How A San Antonio Startup Hub Is Reinventing Tech Education

STEM education needs a major overhaul. Graham Weston and Nick Longo, founders of the coworking space Geekdom, think they have the answer–and it lies in the tech desert of San Antonio, Texas, of all places.

How A San Antonio Startup Hub Is Reinventing Tech Education

American tech education is in trouble. According to this year’s Global Innovation Index survey, the United States ranked No. 11 in “knowledge and technology outputs” and dropped from No. 7 to No. 10 in innovation. Not only do American educators soft-pedal STEM subjects (science, technology, engineering, and math) at every level of the system, but tech innovations develop so rapidly nowadays, no formal classroom keeps pace. Instead, the newest, hottest skills get transferred in the most casual and isolated ways: informally, on the job, with one colleague helping another learn something new.


That’s not necessarily a bad thing as long as you can scale that type of learning into a broader-based system that helps ensure our future global competitiveness. Geekdom, a coworking space in San Antonio, Texas, has done precisely that, through an innovative combination of adult and youth educational programs.

“America has too big of a challenge ahead to have its tech growth concentrated in only in a few of our cities,” says Graham Weston, chairman and cofounder of Rackspace, a $7.57 billion provider of hosting and cloud-computing services based in San Antonio. Weston founded Geekdom last December with fellow tech entrepreneur Nick Longo on a hunch: that technology, collaboration, and education form a virtuous circle that can kick-start a city’s economic growth in a big way.

“We saw Geekdom as an opportunity to organize all the tech startups in the city,” Weston says. “People didn’t know each other. Investors with money to invest didn’t know the companies that needed funding. So first we brought people out of the woodwork.” Longo and Weston structured Geekdom from the beginning to encourage collaboration: In exchange for dirt-cheap rent ($50 per month, $10 for students), entrepreneurs joining Geekdom must contribute at least one hour of their time weekly to sharing their skills with other members.

“We’re not a rental play,” Longo says flatly. “We’re about building human equity–this is a grand experiment that’s long-tail.” Weston adds: “Most coworking spaces and accelerators try to take equity in the companies in exchange for cheap rent. But you won’t give away a truly great idea just for rent money. We may make no money off of the successes that arise within Geekdom. But we’ll measure success through the impact we see in the city a decade now”–a future Weston hopes will be teeming with thriving startups.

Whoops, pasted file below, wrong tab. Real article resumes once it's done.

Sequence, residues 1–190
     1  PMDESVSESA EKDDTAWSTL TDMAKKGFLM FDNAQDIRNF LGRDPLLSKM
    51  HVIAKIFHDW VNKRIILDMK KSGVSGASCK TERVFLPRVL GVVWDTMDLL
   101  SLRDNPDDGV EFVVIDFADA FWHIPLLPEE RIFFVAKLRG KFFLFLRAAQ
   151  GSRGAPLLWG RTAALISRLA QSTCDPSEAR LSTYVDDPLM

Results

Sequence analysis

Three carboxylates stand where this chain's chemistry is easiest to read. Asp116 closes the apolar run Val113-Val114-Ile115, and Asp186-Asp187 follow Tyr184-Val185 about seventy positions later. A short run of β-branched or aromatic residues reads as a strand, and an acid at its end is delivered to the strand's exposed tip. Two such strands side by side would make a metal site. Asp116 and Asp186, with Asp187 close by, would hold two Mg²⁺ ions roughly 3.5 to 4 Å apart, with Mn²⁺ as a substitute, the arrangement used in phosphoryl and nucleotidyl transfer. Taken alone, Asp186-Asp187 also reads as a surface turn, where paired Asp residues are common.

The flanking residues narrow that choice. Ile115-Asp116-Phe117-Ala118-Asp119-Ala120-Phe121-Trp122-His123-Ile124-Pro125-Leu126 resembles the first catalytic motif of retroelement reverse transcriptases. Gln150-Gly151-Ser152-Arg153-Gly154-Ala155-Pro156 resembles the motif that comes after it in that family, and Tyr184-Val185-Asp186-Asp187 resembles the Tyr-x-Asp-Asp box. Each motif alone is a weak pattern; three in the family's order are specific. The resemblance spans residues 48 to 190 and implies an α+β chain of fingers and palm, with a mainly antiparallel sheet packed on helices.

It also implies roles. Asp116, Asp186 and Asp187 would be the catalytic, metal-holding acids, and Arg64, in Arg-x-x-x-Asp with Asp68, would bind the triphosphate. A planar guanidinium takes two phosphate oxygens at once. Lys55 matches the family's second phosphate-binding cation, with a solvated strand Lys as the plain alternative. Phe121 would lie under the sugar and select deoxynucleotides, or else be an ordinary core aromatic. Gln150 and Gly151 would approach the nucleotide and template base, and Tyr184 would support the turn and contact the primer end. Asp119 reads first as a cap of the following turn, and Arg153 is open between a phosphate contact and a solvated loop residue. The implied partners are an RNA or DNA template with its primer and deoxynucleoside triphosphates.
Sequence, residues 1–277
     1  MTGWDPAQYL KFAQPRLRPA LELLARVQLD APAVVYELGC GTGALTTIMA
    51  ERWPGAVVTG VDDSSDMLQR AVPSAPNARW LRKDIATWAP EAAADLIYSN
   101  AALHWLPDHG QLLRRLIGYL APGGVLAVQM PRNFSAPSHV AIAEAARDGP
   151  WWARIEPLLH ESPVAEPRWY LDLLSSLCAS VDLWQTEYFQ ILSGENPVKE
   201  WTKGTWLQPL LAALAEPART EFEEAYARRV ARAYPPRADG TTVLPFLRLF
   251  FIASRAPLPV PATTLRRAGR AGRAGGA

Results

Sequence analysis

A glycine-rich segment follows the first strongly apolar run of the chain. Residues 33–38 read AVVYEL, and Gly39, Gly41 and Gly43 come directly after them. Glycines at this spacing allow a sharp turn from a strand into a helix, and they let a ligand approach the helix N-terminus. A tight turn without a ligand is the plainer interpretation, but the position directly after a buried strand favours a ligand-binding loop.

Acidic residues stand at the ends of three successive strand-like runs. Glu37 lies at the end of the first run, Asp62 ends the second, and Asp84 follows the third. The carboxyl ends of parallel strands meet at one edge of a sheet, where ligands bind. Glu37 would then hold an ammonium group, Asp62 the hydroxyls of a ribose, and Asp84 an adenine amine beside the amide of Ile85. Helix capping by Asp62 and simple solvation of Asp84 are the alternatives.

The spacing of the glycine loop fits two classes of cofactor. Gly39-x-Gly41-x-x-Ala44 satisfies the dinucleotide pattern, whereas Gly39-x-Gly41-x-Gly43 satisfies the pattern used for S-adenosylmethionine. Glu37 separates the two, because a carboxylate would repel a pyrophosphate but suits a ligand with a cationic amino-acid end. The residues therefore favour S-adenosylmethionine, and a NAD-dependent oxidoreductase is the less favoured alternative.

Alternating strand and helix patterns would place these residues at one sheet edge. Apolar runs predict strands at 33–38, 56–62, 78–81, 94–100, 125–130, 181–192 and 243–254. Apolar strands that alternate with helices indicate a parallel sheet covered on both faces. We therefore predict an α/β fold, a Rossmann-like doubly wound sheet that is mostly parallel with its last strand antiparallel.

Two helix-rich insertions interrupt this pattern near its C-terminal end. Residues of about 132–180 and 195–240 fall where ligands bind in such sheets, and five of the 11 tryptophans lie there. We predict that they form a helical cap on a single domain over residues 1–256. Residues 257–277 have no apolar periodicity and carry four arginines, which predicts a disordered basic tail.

Weston was uncertain Geekdom would take hold in San Antonio’s modest tech community. (Last April, the top accelerator TechStars named San Antonio the home of its first thematic program, geared to cloud-based startups. But for the most part the city’s startup scene tends to be overshadowed by their flashy neighbor to the north, Austin.) “We were afraid we’d be pushing a rope–that’s a Texas saying for doing something futile, getting no traction,” he recalls. “But the reaction was far from that–we were embraced.” Since December, Geekdom has attracted nearly 500 members, with growth rates justifying an additional 15,000 square feet of space by year’s end. Longo sees the fruits of a collaborative atmosphere daily. Lawyers brief technologists on intellectual-property law (and gaining experience with pro-bono clients who will hopefully mature into paying ones). Technology marketers trade tips for instruction in web design and WordPress templates. Arduino-wielding geeks have wired up a virtual receptionist button that pings the entire office when someone knocks, and the office vending machine is programmed to email its supplier when goodies run low.

Having cleared a friendly space where technology-minded entrepreneurs teach each other, Longo and Weston realized the model could scale to educating kids, too. Both men thought long and hard about the quandary of American education and ultimately decided to home-school their children using K12, software hosted via Rackspace. Both had also struggled as employers to hire great tech talent. (Longo came to Geekdom having sold and exited two software companies of his own, Bluedomino Web Hosting in 2002 and CoffeeCup Software in 2007.)